Back in 1971, the US Congress ruled that information published by the Federal Election Commission containing political donations by individuals could not be used “by any person for the purpose of soliciting contributions or for commercial purposes.”
Over the years, many special-case exemptions have been made to allow certain companies to be exempt from that ruling, and it’s always been slightly unclear whether Congress meant for the purpose of soliciting just political contributions or if charitable fundraising was also under that prohibition.
Regardless, over the years every wealth screening company in our sector added political giving into their product, and most of us used it as a lookup service because:
- political giving has been a great indicator of someone’s philanthropic propensity
- FEC data includes the tantalizing tidbit “Occupation,” which sometimes can be very hard to find
- lots of times you can find a home address and
- spouse name
FEC data is just gold sometimes. It’s publicly-available, and it’s free.
But using it is prohibited.
In January of this year, a vendor to nonprofit organizations called ALUMinate asked the FEC to re-look at the question, specifically to ask if they could use FEC data in their product to identify donors already in an organization’s database – not for new prospect identification. The donors were already there, they just wanted to use the information to help nonprofits segment people.
This request was backed up by a fascinating support letter (and if this stuff interests you, it’s worth a read) written by Tyler Hagenbush and Shanna M. Reulbach, attorneys at the law firm of Perkins Coie. They argued that lots of companies had already gotten the FEC’s blessing to use the data for far more commercial purposes, and that this use-case was at least consistent – if not even more limited – that those uses.
The FEC’s final response on this request came down on the last day of last month, and it’s done absolutely nothing to shed light on the topic.
The FEC couldn’t come to a conclusion, so we go back to assuming that they mean ALL forms of fundraising but nobody really knows.
Our professional association, Apra, has issued advice (See “List collection – FEC Data) for those of us in prospect development to strictly avoid using FEC data in our work in order to comply. That’s a safe interpretation of the law and one that we follow here at The Helen Brown Group.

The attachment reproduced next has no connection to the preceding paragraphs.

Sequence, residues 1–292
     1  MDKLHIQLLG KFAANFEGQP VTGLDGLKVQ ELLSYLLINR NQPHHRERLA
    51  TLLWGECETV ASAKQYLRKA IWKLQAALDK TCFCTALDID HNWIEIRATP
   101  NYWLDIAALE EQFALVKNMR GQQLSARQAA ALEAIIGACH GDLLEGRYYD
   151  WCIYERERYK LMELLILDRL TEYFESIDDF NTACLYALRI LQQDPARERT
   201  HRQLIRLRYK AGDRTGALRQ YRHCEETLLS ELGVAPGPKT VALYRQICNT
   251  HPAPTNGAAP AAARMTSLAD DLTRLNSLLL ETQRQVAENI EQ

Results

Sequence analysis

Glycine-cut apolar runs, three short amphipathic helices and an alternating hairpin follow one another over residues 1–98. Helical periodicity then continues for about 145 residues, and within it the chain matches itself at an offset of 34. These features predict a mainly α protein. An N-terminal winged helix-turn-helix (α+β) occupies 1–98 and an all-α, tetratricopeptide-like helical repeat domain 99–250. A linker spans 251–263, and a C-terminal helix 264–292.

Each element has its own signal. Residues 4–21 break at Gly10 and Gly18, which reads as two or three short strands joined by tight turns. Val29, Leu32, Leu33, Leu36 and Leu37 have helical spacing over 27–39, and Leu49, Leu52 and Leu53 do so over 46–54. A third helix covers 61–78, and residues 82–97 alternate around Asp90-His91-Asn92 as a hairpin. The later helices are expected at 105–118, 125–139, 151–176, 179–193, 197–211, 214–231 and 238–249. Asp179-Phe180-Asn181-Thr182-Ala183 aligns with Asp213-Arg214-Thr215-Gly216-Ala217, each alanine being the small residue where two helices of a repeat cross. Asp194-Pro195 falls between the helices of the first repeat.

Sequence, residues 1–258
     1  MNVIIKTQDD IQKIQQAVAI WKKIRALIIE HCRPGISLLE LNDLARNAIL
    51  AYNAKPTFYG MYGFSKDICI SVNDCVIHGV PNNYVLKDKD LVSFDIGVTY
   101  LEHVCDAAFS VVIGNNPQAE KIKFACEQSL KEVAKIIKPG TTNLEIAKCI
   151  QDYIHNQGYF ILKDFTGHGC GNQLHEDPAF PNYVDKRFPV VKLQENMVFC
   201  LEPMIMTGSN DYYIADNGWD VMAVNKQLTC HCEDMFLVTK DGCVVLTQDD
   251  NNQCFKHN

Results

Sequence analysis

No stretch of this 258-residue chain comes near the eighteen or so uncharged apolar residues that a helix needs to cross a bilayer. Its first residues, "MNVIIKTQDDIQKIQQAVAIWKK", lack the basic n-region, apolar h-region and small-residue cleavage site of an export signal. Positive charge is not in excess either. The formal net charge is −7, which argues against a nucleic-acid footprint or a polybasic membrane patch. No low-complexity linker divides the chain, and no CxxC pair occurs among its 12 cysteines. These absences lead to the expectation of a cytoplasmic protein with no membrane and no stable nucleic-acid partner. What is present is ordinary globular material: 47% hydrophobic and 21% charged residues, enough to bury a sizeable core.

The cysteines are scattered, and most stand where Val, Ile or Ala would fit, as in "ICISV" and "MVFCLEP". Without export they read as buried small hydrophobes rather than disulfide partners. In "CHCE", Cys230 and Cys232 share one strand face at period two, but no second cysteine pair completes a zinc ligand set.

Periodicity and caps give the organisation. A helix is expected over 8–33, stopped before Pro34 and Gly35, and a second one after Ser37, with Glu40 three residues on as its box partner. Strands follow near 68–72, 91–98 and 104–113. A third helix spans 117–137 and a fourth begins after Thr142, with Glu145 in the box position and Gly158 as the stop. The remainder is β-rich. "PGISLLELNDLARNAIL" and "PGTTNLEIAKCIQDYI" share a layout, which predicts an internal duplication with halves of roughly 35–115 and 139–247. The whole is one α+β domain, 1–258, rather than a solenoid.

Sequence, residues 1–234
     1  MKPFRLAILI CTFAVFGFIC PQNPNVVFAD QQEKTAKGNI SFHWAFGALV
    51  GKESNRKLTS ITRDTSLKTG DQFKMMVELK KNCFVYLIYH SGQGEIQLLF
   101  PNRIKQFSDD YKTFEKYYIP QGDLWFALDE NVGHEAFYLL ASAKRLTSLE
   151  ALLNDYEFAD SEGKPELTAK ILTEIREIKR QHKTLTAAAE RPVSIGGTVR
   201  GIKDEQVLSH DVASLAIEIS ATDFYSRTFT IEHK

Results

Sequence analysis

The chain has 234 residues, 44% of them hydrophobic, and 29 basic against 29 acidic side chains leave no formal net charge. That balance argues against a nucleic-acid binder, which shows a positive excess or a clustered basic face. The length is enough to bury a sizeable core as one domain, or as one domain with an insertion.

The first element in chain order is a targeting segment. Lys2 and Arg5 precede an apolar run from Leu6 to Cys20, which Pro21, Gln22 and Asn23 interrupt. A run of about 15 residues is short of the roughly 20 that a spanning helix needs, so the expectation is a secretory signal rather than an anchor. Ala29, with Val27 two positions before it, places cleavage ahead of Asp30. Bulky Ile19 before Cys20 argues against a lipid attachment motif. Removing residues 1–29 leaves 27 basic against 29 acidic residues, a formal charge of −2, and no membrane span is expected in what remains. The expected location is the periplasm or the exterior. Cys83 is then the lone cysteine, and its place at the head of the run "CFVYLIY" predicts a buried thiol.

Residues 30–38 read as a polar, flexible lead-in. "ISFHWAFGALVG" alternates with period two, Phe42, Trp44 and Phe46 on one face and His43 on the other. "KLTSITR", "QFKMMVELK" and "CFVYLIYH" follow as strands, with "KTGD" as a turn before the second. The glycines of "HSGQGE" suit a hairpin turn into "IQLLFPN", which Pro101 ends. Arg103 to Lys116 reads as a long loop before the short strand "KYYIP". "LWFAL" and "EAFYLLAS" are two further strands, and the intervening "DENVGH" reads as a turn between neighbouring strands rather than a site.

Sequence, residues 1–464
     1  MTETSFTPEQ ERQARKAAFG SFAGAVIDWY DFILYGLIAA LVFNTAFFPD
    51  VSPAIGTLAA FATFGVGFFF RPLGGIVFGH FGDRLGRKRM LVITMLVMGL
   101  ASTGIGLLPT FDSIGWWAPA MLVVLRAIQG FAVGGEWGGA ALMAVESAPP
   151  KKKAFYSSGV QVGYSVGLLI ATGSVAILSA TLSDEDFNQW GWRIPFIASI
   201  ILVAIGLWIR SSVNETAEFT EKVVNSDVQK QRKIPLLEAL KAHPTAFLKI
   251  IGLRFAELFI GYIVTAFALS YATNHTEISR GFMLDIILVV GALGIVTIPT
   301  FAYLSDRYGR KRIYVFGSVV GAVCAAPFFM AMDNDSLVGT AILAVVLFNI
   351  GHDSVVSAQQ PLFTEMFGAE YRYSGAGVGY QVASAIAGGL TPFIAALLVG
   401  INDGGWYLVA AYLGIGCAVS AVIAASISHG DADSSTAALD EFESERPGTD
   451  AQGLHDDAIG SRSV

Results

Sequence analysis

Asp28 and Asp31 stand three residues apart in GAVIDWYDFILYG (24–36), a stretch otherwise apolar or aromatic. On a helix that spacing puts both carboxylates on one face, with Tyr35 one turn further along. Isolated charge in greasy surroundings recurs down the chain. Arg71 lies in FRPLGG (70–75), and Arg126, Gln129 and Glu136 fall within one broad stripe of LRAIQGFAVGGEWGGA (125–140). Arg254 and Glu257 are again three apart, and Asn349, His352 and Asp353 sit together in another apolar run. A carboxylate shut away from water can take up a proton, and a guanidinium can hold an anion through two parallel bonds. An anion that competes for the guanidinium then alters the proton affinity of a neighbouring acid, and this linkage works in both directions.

It sits fine with me when we’re talking about using it for prospect research purposes. I get it. Sometimes it takes effort to convince clients why they should ignore an honestly valuable resource in a wealth screening product. But that’s the way we have to roll.
Where it really bothers me is when we talk about due diligence research. Particularly when we’re looking to see if someone is a politically exposed person or if they may have supported candidates with extremist views or have made political donations that go in direct opposition to the mission of the nonprofit we’re helping.
Due diligence is all about protecting a nonprofit from harm, whether it’s avoiding association with unsavory people, avoiding financial harm, or mitigating reputational risk.
By not using key FEC data for due diligence research, which at the end of the day is being used for fundraising purposes, we’re purposefully hindering our ability to protect a nonprofit organization from harm.
I’m not suggesting that we should violate the law to do due diligence. What I’m saying is that vendors asking the FEC for permission to use this data isn’t going to be the solution to the question of whether nonprofits can use it or not.
I don’t know who the correct body is. A professional association? A consortium of nonprofits that do a ton of due diligence?
The bottom line from the recent non-ruling, though, is that we still can’t use FEC data for fundraising purposes. And that includes due diligence.
Here’s ALUMinate’s press release on the Advisory Opinion: https://www.aluminateus.com/fec/